Hanzo's Hold on HGC
Written by: Midseasons
HGC Bracket and schedules on Liquipedia
HGC 2018 began on a Friday, and by noon on Saturday, one hero had already defined the meta in North America, Europe, and South Korea, and looked poised to conquer China as well.
Hanzo Shimada’s influence on drafts was inescapable this weekend, holding a global 92% involvement rate according to MasterLeague.net. Genji and Greymane, both of whom have already proven themselves as long-term draft staples, were the only heroes to exceed Hanzo’s participation.
Hanzo’s popularity is reminiscent of Genji’s success in 2017. The previous Shimada brother has been a fixture of drafts since his release, and even now surpasses Hanzo’s involvement rate with a full 100%. But while Genji has been game-defining, his win rate has always hovered near the the 50% line. This is where Hanzo truly stands out. Many heroes drop in win rate when they rise too high in draft priority and invite counters, but Hanzo’s win rate cracks the 60% mark, a striking accomplishment given the number of games so far.
From One Draft, Know Ten Thousand Drafts
Hanzo’s relationship with the meta is reciprocal. His popularity defines the current draft atmosphere, but the meta that was already in place gave Hanzo an environment to thrive. Even in games where Hanzo is banned, the game’s current state is friendly towards long-ranged spell-damage assassins. Jaina is the name coming up the most often in social media right now, but Kel’thuzad, Kael’thas, Chromie, and Gul’dan all made appearances this first week as well. Hanzo may not share the same mage hero fantasy, but he still fits into this category as the best in this class. The other mages each have some quality about them that pushes them toward a niche, but Hanzo on the other hand is an outstanding generalist.
Heroes like Greymane or E.T.C. remain popular over long periods of time because they contribute to any composition. Picking them early in draft doesn’t commit the team to any particular strategy and still leaves room to pivot and adjust to the opponent’s draft. Like them, Hanzo has the right mix of mobility, burst, and sustained damage to adapt to any situation.
When Hanzo’s own damage isn’t enough, his kit grants easy access to armor reduction without long cooldowns, a force-multiplier that enhances the effectiveness of the entire team. Hanzo’s main weakness is his low health pool, but even that fits comfortably into the present metagame, allowing the current most popular supports—Lúcio, Malfurion, and Rehgar—to heal Hanzo without expending too many resources.
Defeating the Dragon
We can’t know what future changes might bring, but we can look at the ongoing HGC results to see if Hanzo has any natural predators in the current Heroes ecosystem. Hanzo’s trait gives him a strong escape after engage, so heroes like Anub’arak or Dehaka that can control or match his mobility have countered him most effectively.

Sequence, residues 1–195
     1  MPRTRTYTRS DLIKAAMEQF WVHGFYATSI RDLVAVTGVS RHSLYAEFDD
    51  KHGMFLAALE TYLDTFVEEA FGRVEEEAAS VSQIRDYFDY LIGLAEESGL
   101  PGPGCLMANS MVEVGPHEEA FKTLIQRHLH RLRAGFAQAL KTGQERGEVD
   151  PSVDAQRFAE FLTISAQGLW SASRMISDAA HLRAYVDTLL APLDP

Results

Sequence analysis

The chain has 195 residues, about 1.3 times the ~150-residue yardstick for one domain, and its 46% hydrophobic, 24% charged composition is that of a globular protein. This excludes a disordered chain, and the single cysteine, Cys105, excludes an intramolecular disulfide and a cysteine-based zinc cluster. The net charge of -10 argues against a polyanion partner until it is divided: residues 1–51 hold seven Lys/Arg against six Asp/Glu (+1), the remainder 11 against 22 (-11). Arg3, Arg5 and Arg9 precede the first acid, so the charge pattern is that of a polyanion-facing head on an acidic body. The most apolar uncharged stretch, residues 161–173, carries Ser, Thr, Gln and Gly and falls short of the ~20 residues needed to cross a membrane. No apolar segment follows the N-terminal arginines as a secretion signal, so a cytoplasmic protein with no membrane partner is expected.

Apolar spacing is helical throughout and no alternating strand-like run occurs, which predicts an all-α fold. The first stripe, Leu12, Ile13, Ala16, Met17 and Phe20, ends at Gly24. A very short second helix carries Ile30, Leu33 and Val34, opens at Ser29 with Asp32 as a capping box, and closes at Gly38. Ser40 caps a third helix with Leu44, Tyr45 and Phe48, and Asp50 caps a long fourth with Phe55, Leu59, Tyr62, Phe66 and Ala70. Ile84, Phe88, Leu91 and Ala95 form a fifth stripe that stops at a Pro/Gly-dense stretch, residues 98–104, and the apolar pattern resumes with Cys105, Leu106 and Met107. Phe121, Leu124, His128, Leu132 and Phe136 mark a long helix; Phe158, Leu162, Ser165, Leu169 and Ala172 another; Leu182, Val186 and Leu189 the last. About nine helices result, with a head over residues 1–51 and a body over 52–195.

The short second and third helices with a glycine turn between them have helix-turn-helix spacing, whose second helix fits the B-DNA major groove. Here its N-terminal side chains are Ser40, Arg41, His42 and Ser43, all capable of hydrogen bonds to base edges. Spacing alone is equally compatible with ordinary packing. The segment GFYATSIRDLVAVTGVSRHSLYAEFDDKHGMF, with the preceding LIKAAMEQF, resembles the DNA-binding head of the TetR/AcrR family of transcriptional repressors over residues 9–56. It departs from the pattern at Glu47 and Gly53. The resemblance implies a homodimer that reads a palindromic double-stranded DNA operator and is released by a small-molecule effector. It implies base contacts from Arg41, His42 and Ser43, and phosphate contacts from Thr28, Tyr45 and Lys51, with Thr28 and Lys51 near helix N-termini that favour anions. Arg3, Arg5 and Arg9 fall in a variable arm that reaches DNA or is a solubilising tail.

Malthael stands out the most as a hero who already has favorable matchups. Master League lists Malthael’s win rate this patch at a dominant 70%, and that number rises to 80% against Hanzo specifically. Malthael’s success would suggest a return to dive strategies to deal with Hanzo and brings to mind another dive-focused angel. However, while Tyrael is performing well overall, his win rate against Hanzo is an abysmal 27%. That sample size is still very small after only one week of play, but traditional dive may not be the answer to Hanzo after all. Dive heroes always carry a certain amount of risk, and Hanzo’s ability to pressure them with negative armor increases that vulnerability. Malthael’s self-sustain and ability to escape his own dives may be the manifestation of specific strengths rather than a glimpse into the upcoming meta.
Less predictably, Uther is performing equally well against Hanzo. Western audiences are focused on Lúcio and Malfurion, and the need to ban a Shimada in the first wave means teams can easily grab their preferred support. His involvement in Western drafts is quite low with only ten games combined for North America and Europe, but of those ten games, he won eight.
The eastern regions have been focusing on Uther more, especially Korea. In the Mecca of esports, he has a 76% pick rate and 81% win rate. Uther has traditionally done well against Genji with his stun and clutch saves, and he brings those same tools to the matchup against Hanzo. Expect to see him become more popular globally in the coming weeks as more teams notice his success.
Given how long Greymane and Genji have stayed in the meta, it’s entirely possible Hanzo will remain a fixture as well. Unless something changes that greatly affects Hanzo’s adaptability, it may be quite a while before the dragon is sated.
Whatever becomes of Hanzo, an interesting element of his rise is how easily it could have been missed. Some heroes enter the Nexus with immediate dramatic impact, the Li-Mings and the Malthaels. Some are outright disappointing and never find their way into competitive play. Others are like Cassia, launching quietly and with little fanfare, fitting into the game like they were always there. Hanzo was much more the latter, unremarkable in his own right and released during a period without any esports. It’s only with the Blaze patch that he received the buffs at play here.
The broadcast schedule for HGC happened to line up perfectly for Hanzo’s spotlight. Whether or not Hanzo stays strong, the lesson we should remember from him is that we cannot always guess the impact a hero will have from their launch. With each path, those launch trajectories can suddenly alter their paths and scatter in new directions.
Fern "Midseasons" Rojas is a Los Angeles-based writer who struggles with a consistent sleep schedule. He was convinced to buy Overwatch thanks to the "Dragons" short. You can follow Fern on Twitter to get live reactions to HGC and Overwatch League.